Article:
Are Americans saving too mcuh for retierment? It seems some people think so. Which is interesting considering the national savings rate is actually negative. Are we doing this all wrong? Laurence Kotlikoff is a professor of ecnomics at Boston University. He's among a group of economists and academics that believe people should be saving less and spending more when they are younger. Less Eisenberg is the author of the book "The Number" and says that Americans don't think enough about the quality of life they want in their golden years. Both appeared on "Power Lunch."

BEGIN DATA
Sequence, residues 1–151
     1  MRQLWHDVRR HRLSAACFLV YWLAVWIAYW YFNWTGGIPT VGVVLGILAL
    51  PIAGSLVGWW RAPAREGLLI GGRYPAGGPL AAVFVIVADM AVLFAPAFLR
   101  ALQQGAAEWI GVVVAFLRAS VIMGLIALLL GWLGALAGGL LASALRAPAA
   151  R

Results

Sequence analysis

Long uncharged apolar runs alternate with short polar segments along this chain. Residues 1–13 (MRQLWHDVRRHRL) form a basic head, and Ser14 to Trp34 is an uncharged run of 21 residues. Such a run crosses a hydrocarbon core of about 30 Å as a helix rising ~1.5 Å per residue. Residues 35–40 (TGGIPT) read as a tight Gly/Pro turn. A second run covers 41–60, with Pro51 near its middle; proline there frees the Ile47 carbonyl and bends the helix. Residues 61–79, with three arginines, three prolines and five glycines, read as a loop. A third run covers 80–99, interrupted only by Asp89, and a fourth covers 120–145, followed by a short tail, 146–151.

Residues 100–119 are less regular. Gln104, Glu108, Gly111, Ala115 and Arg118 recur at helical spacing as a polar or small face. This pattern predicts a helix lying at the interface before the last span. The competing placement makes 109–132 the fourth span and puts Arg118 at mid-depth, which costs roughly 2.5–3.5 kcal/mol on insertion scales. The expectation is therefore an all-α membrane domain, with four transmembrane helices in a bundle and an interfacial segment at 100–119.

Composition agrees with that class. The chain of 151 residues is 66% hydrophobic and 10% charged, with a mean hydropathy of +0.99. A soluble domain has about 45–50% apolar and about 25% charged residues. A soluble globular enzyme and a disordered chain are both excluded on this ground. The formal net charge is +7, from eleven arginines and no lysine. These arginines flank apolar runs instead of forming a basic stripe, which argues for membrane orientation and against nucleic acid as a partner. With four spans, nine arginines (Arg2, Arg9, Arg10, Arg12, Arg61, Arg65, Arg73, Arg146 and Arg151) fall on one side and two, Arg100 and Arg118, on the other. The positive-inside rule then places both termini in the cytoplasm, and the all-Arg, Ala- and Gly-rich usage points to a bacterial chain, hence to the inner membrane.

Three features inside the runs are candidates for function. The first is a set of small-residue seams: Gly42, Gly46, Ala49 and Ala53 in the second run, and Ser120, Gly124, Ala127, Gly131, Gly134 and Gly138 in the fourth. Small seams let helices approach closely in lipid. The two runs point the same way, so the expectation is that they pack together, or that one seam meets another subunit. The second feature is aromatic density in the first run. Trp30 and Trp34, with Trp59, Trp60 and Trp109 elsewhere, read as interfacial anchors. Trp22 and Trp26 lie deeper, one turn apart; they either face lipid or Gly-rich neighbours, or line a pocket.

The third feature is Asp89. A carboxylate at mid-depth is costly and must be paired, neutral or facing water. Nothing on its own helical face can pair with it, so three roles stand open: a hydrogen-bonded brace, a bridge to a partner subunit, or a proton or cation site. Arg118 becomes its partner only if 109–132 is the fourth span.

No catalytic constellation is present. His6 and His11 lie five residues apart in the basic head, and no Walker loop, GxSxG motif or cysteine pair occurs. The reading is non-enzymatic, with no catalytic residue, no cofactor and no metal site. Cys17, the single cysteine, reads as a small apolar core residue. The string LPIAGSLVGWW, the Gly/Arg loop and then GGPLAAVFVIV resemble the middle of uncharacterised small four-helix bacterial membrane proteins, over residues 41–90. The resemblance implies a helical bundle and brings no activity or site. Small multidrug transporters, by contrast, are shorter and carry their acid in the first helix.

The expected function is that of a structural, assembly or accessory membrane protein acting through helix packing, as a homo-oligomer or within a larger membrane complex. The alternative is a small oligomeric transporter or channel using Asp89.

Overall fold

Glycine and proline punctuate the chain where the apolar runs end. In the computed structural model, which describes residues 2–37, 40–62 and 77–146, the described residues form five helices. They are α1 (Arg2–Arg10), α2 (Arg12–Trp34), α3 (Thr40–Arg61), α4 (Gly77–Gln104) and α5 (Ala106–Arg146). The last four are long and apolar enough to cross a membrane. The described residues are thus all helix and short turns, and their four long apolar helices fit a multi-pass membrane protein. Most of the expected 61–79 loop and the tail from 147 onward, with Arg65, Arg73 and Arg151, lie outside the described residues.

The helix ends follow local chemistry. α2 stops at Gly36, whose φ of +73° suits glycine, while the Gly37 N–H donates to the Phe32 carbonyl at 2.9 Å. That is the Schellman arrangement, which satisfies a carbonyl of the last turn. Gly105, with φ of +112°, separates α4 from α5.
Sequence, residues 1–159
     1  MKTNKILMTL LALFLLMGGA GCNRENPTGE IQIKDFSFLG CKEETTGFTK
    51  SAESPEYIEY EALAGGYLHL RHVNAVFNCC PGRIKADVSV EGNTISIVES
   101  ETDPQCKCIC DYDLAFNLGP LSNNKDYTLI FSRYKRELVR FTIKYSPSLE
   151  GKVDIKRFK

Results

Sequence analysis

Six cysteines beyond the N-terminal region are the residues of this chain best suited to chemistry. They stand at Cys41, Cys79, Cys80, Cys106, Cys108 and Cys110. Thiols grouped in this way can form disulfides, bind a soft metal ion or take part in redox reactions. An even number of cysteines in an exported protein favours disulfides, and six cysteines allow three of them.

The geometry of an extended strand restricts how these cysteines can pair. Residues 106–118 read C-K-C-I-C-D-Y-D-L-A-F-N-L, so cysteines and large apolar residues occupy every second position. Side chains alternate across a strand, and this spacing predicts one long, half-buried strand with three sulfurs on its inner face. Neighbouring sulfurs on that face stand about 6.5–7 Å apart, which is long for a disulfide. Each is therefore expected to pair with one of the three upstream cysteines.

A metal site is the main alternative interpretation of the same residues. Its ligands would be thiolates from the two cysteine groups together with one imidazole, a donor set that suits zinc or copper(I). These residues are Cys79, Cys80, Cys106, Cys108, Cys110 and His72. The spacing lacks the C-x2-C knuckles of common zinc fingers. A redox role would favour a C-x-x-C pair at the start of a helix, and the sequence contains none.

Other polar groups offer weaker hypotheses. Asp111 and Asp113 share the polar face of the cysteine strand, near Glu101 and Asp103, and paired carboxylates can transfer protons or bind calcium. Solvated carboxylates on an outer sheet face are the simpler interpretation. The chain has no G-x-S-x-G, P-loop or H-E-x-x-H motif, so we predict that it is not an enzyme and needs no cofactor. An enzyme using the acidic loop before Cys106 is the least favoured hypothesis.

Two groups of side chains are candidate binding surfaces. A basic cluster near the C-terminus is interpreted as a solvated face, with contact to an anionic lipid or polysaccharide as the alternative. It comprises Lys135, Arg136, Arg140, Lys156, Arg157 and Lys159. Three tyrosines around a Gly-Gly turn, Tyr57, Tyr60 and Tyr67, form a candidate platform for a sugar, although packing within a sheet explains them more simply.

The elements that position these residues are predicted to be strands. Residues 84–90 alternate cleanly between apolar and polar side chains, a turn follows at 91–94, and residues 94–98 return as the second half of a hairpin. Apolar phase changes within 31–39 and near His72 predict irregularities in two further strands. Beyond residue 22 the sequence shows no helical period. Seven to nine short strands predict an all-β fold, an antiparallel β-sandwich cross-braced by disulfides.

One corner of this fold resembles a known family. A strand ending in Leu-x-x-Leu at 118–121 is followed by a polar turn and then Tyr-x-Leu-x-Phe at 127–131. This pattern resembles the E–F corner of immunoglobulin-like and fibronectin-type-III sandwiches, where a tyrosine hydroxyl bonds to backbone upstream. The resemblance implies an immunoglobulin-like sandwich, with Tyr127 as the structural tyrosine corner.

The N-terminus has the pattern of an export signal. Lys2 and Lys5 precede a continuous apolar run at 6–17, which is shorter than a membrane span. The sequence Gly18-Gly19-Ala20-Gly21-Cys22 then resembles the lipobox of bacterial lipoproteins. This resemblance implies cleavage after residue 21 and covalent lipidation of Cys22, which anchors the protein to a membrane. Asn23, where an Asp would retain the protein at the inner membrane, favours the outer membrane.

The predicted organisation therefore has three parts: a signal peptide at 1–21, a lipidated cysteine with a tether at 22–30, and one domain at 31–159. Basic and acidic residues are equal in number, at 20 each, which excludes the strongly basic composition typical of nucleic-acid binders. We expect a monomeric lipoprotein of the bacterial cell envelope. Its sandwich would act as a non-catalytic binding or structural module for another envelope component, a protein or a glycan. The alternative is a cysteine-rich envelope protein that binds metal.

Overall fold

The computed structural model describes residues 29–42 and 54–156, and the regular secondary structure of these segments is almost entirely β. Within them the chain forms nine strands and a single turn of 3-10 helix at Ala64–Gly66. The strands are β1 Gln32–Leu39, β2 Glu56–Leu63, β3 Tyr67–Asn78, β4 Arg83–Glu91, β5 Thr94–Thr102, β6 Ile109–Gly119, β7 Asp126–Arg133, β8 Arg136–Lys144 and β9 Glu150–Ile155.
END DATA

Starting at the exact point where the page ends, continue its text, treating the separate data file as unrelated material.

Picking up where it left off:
Kotlikoff says we aren't saving the right way. He says that companies like Fidelity Investments, have calculators that come up with very high financial numbers for retirement and that those aren't realistic. He says yes--some need to save but some are over doing it.
Eisenberg says that yes--some people might be "over saving" but they really need to think about the quality of life they want in retirement. If someone is "happy living in a tree and writing the great American novel," they don't need much. And he says that even if you save "too much" --that money is not going to waste. He says there needs to be some "gas in the tank" at the end and if someone doesn't use the money--it can go for college ( for a child or relative) or whatever someone wants to do with it.